Saturday, November 15, 2008

Mapping the Mendenhall Family Cemetery

I recently mapped a small family cemetery on Names in Stone. The Mendenhall Family Cemetery is near Dayton, Idaho. It is a family tradition to visit this cemetery and hear the stories of Grandpa George Mendenhall, Grandma Celestia Mendenhall, and all the children they lost in the diptheria epidemic. George and Celestia Mendenhall are buried in this cemetery, along with George's father Thomas, several of their children, and an unnamed wagon train child.

I am excited to have the cemetery on this website because I love the whole concept of being able to access the records just by clicking on a grave, and I like the idea of making the records available for others to search as well. I created my map from a drawing my dad made when he visited the cemetery last summer.

First, I registered for a free (free is nice!) membership at Names in Stone. Then I clicked on "Learn More" under "Map a Cemetery." This took me to a description of Class A and Class B Cemeteries. Class A cemeteries are large cemeteries that are usually maintained by a public or private agency. Class B cemeteries are smaller cemeteries that are cared for by families or volunteers. My cemetery only has about 15 graves, so I clicked on Class B - "Add a Cemetery."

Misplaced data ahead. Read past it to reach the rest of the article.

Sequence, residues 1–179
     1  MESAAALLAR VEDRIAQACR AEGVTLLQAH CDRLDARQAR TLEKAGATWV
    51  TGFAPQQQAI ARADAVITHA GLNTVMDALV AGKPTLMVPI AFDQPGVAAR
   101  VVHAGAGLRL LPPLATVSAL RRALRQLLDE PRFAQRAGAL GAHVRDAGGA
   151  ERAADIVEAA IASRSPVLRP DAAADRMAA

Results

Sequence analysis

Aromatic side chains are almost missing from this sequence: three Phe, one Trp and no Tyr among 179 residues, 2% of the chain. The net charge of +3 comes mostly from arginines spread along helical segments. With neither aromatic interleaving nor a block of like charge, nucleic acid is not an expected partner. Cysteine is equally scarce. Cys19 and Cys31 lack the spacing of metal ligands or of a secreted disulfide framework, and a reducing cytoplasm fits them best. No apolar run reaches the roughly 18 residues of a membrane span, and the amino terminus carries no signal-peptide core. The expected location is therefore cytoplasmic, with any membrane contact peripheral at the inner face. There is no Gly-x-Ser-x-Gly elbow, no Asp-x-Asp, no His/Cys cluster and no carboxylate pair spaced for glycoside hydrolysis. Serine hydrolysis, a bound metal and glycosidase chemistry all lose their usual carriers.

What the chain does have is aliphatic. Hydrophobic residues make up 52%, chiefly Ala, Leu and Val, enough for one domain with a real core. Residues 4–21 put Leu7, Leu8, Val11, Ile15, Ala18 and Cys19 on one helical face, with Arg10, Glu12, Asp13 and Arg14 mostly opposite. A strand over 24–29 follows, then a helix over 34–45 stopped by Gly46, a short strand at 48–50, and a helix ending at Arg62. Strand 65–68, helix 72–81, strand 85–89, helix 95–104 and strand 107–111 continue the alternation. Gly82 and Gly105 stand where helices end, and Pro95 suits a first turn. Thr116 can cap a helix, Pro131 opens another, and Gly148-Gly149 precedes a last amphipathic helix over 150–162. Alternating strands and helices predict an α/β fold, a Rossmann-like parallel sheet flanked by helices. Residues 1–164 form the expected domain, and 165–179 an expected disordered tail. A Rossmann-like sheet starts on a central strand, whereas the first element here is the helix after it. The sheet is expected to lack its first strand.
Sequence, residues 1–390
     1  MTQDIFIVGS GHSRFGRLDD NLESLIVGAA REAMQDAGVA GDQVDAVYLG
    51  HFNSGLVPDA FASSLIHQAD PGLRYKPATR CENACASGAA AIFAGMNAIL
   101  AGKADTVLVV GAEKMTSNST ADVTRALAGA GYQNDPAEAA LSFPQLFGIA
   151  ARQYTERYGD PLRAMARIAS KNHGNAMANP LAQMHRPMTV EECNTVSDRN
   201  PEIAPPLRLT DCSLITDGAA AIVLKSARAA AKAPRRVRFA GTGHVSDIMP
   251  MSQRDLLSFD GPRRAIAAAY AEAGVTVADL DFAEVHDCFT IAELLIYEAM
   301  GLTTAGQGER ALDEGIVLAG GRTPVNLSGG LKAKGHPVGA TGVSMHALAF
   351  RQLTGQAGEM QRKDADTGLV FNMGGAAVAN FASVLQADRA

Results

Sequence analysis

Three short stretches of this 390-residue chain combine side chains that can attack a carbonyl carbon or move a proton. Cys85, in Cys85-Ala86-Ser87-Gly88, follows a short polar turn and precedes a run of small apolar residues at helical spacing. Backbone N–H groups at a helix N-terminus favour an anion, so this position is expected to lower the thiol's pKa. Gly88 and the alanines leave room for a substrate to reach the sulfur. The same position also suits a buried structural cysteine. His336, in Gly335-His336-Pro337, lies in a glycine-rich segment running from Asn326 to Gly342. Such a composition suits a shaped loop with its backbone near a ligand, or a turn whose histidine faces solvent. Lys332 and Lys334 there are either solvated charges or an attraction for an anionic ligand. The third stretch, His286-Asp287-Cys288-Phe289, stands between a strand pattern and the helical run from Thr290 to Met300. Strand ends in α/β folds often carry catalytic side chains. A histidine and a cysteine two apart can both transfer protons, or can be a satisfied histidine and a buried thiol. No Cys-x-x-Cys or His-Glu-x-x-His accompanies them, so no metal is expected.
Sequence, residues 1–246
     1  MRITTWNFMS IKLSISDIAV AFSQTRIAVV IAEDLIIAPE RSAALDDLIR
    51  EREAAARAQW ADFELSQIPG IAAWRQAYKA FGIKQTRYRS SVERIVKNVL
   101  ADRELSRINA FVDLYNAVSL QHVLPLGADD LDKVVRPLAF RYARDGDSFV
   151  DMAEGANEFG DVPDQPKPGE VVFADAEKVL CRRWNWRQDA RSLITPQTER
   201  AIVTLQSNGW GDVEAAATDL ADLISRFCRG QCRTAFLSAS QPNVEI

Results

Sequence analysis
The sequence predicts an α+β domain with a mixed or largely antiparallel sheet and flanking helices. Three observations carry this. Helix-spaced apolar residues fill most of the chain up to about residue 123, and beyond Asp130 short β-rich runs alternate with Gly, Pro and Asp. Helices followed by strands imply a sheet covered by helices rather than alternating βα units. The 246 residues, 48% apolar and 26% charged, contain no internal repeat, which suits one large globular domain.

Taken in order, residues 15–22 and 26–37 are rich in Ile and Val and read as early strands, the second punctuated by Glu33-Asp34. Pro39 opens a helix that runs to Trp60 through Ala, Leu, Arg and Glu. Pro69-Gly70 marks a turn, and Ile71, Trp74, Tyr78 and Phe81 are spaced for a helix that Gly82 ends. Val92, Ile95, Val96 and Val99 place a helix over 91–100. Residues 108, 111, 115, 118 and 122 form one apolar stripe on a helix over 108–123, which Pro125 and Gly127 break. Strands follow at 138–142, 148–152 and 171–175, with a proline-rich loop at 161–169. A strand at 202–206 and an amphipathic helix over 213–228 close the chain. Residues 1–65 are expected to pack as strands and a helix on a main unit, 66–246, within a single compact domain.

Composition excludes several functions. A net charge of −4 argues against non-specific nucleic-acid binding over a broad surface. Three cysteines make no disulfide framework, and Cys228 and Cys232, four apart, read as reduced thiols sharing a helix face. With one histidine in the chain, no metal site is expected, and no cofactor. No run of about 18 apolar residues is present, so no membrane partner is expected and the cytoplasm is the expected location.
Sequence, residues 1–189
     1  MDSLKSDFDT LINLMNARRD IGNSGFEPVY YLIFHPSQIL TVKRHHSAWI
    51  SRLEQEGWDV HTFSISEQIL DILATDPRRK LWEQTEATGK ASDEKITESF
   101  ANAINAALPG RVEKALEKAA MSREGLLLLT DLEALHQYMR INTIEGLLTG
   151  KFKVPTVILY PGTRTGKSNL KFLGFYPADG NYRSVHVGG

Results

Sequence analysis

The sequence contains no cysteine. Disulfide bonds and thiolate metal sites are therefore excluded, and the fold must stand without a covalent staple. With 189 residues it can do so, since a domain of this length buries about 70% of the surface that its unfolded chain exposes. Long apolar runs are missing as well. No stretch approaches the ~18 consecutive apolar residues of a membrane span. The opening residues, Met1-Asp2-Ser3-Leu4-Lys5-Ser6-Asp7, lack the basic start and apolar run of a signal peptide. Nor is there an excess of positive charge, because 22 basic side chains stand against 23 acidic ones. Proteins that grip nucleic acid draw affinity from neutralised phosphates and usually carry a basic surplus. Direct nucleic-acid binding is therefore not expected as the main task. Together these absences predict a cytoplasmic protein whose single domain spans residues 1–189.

The next step is to fill out the "Cemetery Project Application." I didn't have an exact address, so I just gave a good description of the location in the address field. At the bottom of the application is a Google Map. On the map, I found the approximate area in Idaho. I pressed the Shift key and with my mouse drew a square around that area. I was worried about being able to find it on the map, but it zoomed right in to that area and worked really well. I compared my dad's drawing to the Google Map and using roads and a canal, I was able to pinpoint exactly where the cemetery is.

At Names in Stone they say that if your cemetery is in an inhabited area, you'll be able zoom in close enough to see the cemetery and maybe even the headstones. My cemetery is in a rural area and I couldn't zoom in that closely, but they say that the goal is not exact measurements - what's important is showing the graves in relation to each other.

Mapping the Mendenhall Family be continued tomorrow

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